The island of Bali lies 3.2 km (2.0 mi) east of Java, and is approximately 8 degrees south of the equator. Bali and Java are separated by the Bali Strait. East to west, the island is approximately 153 km (95 mi) wide and spans approximately 112 km (70 mi) north to south; administratively it covers 5,780 km2 (2,230 sq mi), or 5,577 km2 (2,153 sq mi) without Nusa Penida District; its population density is roughly 750 people/km2 (1,900 people/sq mi).
Bali's central mountains include several peaks over 2,000 metres (6,600 feet) in elevation and active volcanoes such as Mount Batur. The highest is Mount Agung (3,031 m, 9,944 ft), known as the "mother mountain", which is an active volcano rated as one of the world's most likely sites for a massive eruption within the next 100 years. In late 2017 Mount Agung started erupting and large numbers of people were evacuated, temporarily closing the island's airport. Mountains range from centre to the eastern side, with Mount Agung the easternmost peak. Bali's volcanic nature has contributed to its exceptional fertility and its tall mountain ranges provide the high rainfall that supports the highly productive agriculture sector. South of the mountains is a broad, steadily descending area where most of Bali's large rice crop is grown. The northern side of the mountains slopes more steeply to the sea and is the main coffee producing area of the island, along with rice, vegetables and cattle. The longest river, Ayung River, flows approximately 75 km (47 mi) (see List of rivers of Bali).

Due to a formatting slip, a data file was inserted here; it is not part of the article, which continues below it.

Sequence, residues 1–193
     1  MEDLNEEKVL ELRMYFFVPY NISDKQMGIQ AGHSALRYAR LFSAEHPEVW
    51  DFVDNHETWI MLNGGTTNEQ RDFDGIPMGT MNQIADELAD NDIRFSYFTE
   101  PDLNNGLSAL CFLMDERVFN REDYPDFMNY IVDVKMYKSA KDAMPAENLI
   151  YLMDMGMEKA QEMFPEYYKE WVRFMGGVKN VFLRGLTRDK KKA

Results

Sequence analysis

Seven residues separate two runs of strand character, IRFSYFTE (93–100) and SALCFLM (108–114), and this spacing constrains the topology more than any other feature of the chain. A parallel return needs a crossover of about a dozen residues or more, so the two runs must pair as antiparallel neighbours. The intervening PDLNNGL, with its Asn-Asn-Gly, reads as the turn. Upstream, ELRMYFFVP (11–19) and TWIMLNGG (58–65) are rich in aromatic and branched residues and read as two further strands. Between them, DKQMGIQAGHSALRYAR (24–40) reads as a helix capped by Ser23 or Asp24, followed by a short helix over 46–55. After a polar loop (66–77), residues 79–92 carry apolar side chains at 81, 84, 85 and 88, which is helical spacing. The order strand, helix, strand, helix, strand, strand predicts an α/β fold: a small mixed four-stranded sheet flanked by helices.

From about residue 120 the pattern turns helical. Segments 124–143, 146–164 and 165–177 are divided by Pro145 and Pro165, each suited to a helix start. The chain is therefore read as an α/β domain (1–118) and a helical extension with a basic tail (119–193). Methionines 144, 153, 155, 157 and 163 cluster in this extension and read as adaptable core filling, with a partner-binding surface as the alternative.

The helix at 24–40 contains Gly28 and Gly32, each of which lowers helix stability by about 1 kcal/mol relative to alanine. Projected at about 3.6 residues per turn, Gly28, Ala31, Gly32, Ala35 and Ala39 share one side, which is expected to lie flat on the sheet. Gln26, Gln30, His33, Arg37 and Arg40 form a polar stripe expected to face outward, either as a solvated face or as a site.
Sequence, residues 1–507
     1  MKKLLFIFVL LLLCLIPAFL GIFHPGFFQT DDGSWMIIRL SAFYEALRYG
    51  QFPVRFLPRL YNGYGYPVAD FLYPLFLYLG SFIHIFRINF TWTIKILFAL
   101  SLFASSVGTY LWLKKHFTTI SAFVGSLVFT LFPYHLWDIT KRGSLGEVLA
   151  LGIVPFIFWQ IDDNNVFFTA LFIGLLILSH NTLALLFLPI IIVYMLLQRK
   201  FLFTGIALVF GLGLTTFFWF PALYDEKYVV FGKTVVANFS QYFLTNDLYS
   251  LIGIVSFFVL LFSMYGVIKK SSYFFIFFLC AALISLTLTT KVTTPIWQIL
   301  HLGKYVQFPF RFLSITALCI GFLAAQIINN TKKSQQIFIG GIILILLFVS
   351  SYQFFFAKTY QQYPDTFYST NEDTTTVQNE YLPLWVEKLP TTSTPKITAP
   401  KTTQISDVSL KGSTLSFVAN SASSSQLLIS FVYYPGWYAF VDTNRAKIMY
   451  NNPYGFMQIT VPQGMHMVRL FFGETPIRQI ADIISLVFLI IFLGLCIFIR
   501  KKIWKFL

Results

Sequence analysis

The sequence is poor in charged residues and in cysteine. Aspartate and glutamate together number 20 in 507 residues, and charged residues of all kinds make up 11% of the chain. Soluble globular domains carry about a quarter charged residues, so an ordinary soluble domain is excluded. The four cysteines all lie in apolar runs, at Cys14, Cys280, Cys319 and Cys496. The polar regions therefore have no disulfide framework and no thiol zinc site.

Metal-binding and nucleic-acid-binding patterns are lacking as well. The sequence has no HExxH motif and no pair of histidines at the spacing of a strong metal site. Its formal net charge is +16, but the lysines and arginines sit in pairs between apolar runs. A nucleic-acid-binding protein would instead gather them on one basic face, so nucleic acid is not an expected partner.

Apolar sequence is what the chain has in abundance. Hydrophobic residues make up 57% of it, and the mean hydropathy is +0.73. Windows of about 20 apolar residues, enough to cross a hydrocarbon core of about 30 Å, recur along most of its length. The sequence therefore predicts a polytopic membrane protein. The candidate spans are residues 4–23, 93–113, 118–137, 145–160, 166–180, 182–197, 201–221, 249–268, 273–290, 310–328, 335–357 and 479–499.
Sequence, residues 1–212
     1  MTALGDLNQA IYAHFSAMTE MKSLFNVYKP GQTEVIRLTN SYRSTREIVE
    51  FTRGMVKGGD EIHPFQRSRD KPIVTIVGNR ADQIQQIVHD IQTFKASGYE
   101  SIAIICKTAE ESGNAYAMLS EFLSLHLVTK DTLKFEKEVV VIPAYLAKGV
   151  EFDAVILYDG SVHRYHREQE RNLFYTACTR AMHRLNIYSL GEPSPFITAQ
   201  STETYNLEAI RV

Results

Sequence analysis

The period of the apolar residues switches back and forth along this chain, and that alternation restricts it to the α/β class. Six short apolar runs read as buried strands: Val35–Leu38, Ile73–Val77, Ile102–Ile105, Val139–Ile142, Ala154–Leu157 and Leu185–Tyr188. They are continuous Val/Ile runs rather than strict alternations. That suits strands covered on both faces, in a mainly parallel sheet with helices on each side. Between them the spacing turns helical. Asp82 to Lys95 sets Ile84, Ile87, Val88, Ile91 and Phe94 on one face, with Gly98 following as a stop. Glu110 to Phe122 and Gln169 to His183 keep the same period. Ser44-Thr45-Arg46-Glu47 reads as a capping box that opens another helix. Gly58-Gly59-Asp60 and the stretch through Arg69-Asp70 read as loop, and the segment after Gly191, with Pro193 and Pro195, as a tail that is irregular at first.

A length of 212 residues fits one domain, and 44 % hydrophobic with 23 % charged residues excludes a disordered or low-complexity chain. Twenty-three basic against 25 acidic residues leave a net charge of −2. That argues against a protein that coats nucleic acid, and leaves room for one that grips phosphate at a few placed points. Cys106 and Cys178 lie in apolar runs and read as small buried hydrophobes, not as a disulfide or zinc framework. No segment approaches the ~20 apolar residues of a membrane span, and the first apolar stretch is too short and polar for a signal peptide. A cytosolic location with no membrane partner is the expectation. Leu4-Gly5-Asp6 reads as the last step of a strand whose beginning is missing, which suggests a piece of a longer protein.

The island is surrounded by coral reefs. Beaches in the south tend to have white sand while those in the north and west have black sand. Bali has no major waterways, although the Ho River is navigable by small sampan boats. Black sand beaches between Pasut and Klatingdukuh are being developed for tourism, but apart from the seaside temple of Tanah Lot, they are not yet used for significant tourism.
The largest city is the provincial capital, Denpasar, near the southern coast. Its population is around 491,500 (2002). Bali's second-largest city is the old colonial capital, Singaraja, which is located on the north coast and is home to around 100,000 people. Other important cities include the beach resort, Kuta, which is practically part of Denpasar's urban area, and Ubud, situated at the north of Denpasar, is the island's cultural centre.
Three small islands lie to the immediate south east and all are administratively part of the Klungkung regency of Bali: Nusa Penida, Nusa Lembongan and Nusa Ceningan. These islands are separated from Bali by the Badung Strait.
To the east, the Lombok Strait separates Bali from Lombok and marks the biogeographical division between the fauna of the Indomalayan ecozone and the distinctly different fauna of Australasia. The transition is known as the Wallace Line, named after Alfred Russel Wallace, who first proposed a transition zone between these two major biomes. When sea levels dropped during the Pleistocene ice age, Bali was connected to Java and Sumatra and to the mainland of Asia and shared the Asian fauna, but the deep water of the Lombok Strait continued to keep Lombok Island and the Lesser Sunda archipelago isolated.
Being just 8 degrees south of the equator, Bali has a fairly even climate all year round. Average year-round temperature stands at around 30 °C (86 °F) with a humidity level of about 85%.
Day time temperatures at low elevations vary between 20 to 33 °C (68 to 91 °F), but the temperatures decrease significantly with increasing elevation.
The west monsoon is in place from approximately October to April, and this can bring significant rain, particularly from December to March. During rainy season there is comparatively fewer tourists seen in Bali. During the Easter and Christmas holidays the weather is very unpredictable. Outside of the monsoon period, humidity is relatively low and any rain is unlikely in lowland areas.